Government policy has steadfastly been set against drug legalisation, but increasingly critics have argued that the present policy is unsustainable. Legalising drugs: Debates and dilemmas is a timely and much-needed examination of some of the issues surrounding this matter.
Numerous suggestions have been offered. Some seek complete legalisation, such as the right to use recreational drugs without government interference, others offer a more modified form, yet still others want an increasing commitment to harm reduction policies.
Philip Bean examines these proposals, especially when set against claims that they will reduce crime. He does so in terms of their implications for individual users, especially juveniles, and for society in general. He concludes with the necessary questions that a rational drug policy must answer.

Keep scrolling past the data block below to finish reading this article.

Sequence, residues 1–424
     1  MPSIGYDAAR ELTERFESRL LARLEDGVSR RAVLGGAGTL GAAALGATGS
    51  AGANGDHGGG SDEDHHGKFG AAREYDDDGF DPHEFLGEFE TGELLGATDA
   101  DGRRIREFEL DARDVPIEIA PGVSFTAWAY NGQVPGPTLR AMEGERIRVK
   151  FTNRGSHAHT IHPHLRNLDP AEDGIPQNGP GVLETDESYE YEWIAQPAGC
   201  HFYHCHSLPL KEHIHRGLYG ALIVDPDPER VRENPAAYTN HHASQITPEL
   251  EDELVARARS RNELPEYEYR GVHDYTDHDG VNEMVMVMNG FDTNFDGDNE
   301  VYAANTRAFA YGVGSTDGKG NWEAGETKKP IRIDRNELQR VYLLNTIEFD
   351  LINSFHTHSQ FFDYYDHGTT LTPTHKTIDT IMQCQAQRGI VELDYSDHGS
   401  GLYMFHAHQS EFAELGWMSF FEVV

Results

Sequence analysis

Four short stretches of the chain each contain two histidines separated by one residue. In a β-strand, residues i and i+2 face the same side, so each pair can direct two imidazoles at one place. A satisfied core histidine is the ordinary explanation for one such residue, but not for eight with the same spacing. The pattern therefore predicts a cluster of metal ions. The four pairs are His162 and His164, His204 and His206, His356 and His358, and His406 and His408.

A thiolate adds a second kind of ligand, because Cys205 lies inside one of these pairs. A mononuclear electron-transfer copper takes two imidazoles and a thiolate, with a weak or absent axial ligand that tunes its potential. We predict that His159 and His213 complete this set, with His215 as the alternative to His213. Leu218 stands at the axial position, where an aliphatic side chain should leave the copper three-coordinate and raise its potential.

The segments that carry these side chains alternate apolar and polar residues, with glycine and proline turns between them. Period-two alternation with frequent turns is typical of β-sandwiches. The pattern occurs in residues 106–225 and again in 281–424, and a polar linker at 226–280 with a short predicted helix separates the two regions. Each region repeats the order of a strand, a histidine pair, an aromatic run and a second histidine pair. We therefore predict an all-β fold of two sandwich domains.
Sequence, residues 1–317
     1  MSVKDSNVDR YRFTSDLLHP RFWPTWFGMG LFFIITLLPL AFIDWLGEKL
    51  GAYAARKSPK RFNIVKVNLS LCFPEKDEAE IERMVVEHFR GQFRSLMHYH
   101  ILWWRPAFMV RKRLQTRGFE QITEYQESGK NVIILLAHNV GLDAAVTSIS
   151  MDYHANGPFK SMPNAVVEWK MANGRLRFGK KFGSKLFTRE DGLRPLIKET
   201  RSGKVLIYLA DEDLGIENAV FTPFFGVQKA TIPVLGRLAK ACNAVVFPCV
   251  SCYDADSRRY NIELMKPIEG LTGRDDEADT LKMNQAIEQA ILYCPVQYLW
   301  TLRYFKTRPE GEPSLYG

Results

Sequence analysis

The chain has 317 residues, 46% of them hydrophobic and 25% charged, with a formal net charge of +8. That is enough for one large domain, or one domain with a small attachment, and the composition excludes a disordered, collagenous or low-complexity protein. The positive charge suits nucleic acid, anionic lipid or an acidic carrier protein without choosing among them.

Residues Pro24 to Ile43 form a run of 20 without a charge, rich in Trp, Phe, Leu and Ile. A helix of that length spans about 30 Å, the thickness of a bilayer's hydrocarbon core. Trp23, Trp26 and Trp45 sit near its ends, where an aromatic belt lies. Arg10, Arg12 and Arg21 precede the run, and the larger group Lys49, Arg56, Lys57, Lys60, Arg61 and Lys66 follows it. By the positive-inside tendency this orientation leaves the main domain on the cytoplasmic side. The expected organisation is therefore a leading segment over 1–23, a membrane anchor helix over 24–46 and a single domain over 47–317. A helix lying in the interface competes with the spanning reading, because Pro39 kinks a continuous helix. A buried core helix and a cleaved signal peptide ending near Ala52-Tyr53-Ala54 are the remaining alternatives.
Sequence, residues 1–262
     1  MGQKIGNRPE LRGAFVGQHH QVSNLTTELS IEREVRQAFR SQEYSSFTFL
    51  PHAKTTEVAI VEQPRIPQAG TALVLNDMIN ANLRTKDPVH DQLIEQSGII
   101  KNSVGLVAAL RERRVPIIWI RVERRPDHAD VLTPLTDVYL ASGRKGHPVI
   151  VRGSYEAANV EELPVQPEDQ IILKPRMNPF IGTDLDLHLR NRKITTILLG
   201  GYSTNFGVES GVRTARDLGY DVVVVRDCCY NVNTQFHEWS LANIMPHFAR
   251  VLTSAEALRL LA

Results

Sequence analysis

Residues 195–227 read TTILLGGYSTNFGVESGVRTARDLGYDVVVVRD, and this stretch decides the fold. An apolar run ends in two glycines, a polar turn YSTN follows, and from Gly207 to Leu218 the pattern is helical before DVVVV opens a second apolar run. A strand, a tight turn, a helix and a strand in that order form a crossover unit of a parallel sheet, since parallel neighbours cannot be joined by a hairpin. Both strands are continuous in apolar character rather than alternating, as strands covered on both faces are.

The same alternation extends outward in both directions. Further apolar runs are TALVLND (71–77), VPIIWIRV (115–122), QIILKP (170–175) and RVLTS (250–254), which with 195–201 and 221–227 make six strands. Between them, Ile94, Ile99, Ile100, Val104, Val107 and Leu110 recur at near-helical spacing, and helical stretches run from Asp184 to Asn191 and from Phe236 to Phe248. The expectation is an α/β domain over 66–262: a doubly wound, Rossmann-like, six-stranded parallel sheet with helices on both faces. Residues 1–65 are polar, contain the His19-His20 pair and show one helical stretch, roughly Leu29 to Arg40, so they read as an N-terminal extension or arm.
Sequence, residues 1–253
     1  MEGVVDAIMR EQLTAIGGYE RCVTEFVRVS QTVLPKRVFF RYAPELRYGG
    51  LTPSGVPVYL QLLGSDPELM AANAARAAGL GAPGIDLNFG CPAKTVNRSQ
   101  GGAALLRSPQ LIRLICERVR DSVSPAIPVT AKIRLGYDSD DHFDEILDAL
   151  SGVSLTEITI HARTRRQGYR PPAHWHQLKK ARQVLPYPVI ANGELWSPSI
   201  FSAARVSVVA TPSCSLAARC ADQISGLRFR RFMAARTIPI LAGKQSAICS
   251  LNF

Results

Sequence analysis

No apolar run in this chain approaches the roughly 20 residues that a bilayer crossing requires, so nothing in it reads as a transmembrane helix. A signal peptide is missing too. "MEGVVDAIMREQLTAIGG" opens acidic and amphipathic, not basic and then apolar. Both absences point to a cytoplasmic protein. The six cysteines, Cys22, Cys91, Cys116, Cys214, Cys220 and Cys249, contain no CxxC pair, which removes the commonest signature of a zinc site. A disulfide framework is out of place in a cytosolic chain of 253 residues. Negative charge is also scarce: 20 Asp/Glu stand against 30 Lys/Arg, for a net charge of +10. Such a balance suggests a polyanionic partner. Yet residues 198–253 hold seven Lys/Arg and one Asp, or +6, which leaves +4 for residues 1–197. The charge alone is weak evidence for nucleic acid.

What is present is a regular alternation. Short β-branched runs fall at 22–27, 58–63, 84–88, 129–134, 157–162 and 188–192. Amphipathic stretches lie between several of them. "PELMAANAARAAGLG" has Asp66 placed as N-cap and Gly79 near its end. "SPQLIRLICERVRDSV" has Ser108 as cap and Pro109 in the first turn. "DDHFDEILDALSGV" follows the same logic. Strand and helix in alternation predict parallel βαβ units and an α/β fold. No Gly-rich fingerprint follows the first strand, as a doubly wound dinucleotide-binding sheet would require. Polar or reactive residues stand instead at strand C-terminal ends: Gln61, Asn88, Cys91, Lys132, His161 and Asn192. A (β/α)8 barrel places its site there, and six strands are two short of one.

The book will be essential reading for students and academics in criminology, sociology and social policy, as well as policy makers, practitioners and the general public.
|Publisher:||Policy Press at the Univ of Bristol|
|Product dimensions:||5.00(w) x 7.70(h) x 0.50(d)|
About the Author
Philip Bean, Emeritus Professor of Criminology and Criminal Justice, University of Loughborough
Table of Contents
1 Introduction 1
2 Prohibition, economic liberalism and legal moralism 11
3 Harm reduction, medicalisation and decriminalisation 29
4 Legalisation and crime 59
5 The special problem of juveniles 85
6 The community, the personal and the commercial 105
7 Some concluding thoughts 133
Name and subject index 153